Landscape & Garden Update – 13.11.18

Time Flies

Time has certainly flown of late, as you’ll know by the scarcity of landscape articles since the summer! Back we are though with a busy autumn period, and enough on the task list to see us through to the New Year.

First of all I have to make reference to The March of the Imagination, our light up the landscape evenings that finished their run Sunday last. As a landscape focussed lighting experience, #CVMOTI as it became known was one of collaboration and team effort, and its execution was carefully planned to ensure that the event had minimal impact on the landscape and ecology.

A view of Compton Verney mansion and front lawn cedar by night, with hundreds of reflectors lighting the way to the courtyard. Part of The March of the Imagination art installation.
‘Migration’, part of The March of the Imagination.

Light Bulbs To Flower Bulbs

To that end ecologists were employed to review plans for the installation, going on to survey many trees intended to be lit during the event. All, I’m glad to say, was very sensitively arranged.

At this time of year, one of the work activities to keep us busy between the many housekeeping tasks is bulb planting. For 2018 this is a larger than usual challenge thanks to some additional funding intended to boost horticultural interest during the early part of the season.

A work bench in the garden workshop covered with packets, and packets of new bulbs to be planted.
New spring flowers for Compton Verney

Squirrels & Badgers

Just short of 3000 bulbs are in the process of being planted out permanently, in a range of areas. Next spring, if the squirrels and badgers allow, we’ll be able to enjoy Narcissus poeticus ‘Actaea’ beside the path from the welcome centre, these will accompany single snowdrops and wild daffodils already establishing from 2016 and 2017 planting.

A lawn area at Compton Verney with numerous holes dug ahead of bulb planting.
Planting holes dug by the grounds team ready for daffodil bulbs.

Giant Snowdrops

Spring snowflakes (Leucojum vernum) will be naturalised around the distant fringes of the west lawn, along with snakes’s head fritillary (Fritillaria meleagris) – something of a trial. Granted, snowdrops establish more quickly when planted ‘in-the-green’, but we’ve also taken the opportunity to introduce two new snowdrop varieties to Compton Verney, Galanthus nivalis ‘Viridapice’, near to the ice house, and Galanthus woronowii, known as the Giant Snowdrop. Others include wood anemone, scilla siberica, crocus and some dazzling crown imperial bulbs intended literally to lift the colour right up in the air!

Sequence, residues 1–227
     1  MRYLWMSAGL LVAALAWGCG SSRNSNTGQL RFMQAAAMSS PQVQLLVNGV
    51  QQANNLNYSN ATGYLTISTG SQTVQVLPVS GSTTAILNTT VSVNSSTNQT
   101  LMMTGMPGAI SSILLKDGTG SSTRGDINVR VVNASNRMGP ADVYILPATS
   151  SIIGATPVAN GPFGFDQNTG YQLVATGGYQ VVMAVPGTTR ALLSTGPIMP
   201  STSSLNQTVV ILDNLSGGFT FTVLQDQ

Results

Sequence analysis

Needle like Larch tree foliage turning yellow in the ice house coppice, a woodland garden area at Compton Verney
Larch tree foliage changing colour before leaf drop, one of the few deciduous conifers.

All The Leaves Aren’t Brown

Alas, time is always ishort, but I couldn’t finish this post without reference to the fantastic autumn colour we’re relishing just now. Whether it’s the result of gradually fading temperatures, moist ground conditions, or possibly the stress of the summer heat; it is certainly causing some brilliant hues throughout the park. Above, the maturing Larch trees are buttery yellow, while the oaks throughout the parkland and coppice areas are positively glowing in the low autumn sunshine – exquisite!

Golden brown oak tree foliage illuminated by low autumn sunshine.
Sunshine from the south illuminating oak tree foliage at Compton Verney.

If you’ve an hour or more it is certainly worth a visit to stroll around the paths of the west lawn, to sit in the calmness afforded by the chapel, or to trot around one of the orienteering circuits established in the park.

Until next time…

Gary, Head of Landscape & Gardens, Compton Verney

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